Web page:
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Cox + Cox sold for over £600k; creditor shortfall almost £5m

Online homewares retailer Cox + Cox experienced a decline in demand and increased costs in the build up to its administration.

Ian Defty and Bai Cham, both of Begbies Traynor, were appointed as joint administrators on 27 February 2023.

Detailed in newly filed documents on Companies House, the business, which saw sales surge during the Covid pandemic to c£27m from £16m for the year ending January 2021 and again rising to c£38m in the following year, said since restrictions were lifted, demand fell and sales began to decline.

Couple with rising shipping costs and the late delivery of Christmas stock, sales decreased 33% to £27.5m and resulted in a £3m loss in the last year. The company implemented a number of measures to cut or maintain costs – including a redundancy programme – although this did not mitigate the declining performance. Furthermore, the cost-of-living crisis and high raw material prices, rising inflation and low consumer confidence were all impacting factors.

Cox + Cox secured two loans of £1.5m and £250,000 from Hilco Capital and YouLend respectively, which were repaid during November 2022. However, cashflow indicated that additional funding would be required in February this year. The company approached a third-party investor, who expressed an interest in the business and a potential management-buyout style administration, but after completing due diligence, the offer was withdrawn.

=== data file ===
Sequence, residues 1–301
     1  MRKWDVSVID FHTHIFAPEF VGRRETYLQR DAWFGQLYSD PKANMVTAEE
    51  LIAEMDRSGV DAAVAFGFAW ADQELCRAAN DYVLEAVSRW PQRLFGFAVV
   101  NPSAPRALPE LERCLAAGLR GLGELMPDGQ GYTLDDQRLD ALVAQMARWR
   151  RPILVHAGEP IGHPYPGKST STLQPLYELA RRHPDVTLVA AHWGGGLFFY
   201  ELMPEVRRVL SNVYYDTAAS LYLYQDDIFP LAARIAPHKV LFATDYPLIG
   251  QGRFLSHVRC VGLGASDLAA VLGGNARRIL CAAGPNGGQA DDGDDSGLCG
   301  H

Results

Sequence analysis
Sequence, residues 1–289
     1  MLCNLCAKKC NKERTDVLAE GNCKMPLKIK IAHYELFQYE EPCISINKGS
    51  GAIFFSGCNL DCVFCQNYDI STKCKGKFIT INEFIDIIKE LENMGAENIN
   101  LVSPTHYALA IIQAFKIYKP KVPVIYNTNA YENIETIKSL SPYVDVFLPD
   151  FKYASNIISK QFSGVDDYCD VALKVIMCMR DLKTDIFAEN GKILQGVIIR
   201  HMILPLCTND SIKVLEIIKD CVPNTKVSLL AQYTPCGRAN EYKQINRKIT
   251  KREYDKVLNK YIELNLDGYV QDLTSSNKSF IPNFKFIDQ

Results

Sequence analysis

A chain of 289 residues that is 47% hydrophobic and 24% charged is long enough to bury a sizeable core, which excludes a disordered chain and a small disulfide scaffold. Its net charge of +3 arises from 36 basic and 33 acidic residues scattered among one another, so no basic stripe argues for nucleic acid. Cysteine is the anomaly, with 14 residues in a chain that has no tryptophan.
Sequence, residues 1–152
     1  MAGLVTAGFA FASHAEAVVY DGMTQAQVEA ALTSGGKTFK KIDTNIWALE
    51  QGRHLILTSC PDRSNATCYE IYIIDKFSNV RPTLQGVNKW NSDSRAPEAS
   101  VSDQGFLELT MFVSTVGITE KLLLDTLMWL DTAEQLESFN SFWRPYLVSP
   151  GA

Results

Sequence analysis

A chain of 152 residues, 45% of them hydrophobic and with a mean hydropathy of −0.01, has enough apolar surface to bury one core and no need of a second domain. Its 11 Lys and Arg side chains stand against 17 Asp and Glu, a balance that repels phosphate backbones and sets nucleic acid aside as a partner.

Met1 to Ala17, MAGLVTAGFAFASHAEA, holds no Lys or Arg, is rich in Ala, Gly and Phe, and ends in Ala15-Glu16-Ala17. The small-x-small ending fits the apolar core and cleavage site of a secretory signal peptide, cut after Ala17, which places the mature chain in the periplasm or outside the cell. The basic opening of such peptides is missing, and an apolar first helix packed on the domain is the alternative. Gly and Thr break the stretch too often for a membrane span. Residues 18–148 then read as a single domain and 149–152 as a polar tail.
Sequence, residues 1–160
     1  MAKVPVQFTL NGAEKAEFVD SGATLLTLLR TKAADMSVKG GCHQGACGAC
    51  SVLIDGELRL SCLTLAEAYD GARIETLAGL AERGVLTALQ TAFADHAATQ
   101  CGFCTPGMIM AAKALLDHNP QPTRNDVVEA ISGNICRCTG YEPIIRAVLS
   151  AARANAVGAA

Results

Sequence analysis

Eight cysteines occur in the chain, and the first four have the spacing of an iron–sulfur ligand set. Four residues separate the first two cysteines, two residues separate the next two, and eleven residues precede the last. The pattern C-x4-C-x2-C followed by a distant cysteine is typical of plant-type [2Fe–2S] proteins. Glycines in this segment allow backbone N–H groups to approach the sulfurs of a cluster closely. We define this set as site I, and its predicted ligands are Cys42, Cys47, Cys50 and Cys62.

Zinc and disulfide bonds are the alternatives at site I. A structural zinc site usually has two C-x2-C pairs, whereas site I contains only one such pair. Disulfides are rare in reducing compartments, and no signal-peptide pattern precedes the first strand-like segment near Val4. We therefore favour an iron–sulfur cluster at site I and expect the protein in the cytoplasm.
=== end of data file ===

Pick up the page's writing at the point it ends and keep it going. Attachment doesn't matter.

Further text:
Following unsuccessful attempts to secure funding, the business approached Begbies Traynor for advice and to begin a pre-pack administration sale process. Subsequently, Landwood Commercial was instructed to market the business for sale.

The marketing process resulted in a total of 64 enquiries from interested parties with Landwood receiving 14 signed non-disclosure agreements. Five offers were then tabled from unconnected parties, with two bidders offering to purchase the business and certain assets, while one related to the IP and stock, with the final offer for the IP only.

Following negotiations, Giomani Designs Limited raised its offer to £750,000 on a cash basis to keep the company as a going concern, which was accepted. This price was then decreased to £613,072 due to Giomani Designs meeting employee liabilities of £118,387 and satisfying a payment of £18,540 to storage company Arrow XL. This was accepted by the administrators with payment received in full and included the transfer of 65 jobs under TUPE.

Upon entering administration, Cox + Cox owed the HMRC around £1.6m with administrators stating the secondary preferential creditors are likely to receive some dividend, although this is uncertain. As for unsecured creditors, total claims valued £2.6m and it is not expected any funds will be made available for a distribution. It is anticipated that creditors will suffer a total shortfall of around £4.7m.

A statement from the administrators said: “Upon appointment, the joint administrators successfully completed the sale of the business and certain assets via a pre-pack administration to Giomani Designs Ltd, a furniture and home furnishings manufacturer based in Birmingham. Together, the joint administrators were able to secure the transfer of 65 jobs via the sale.”

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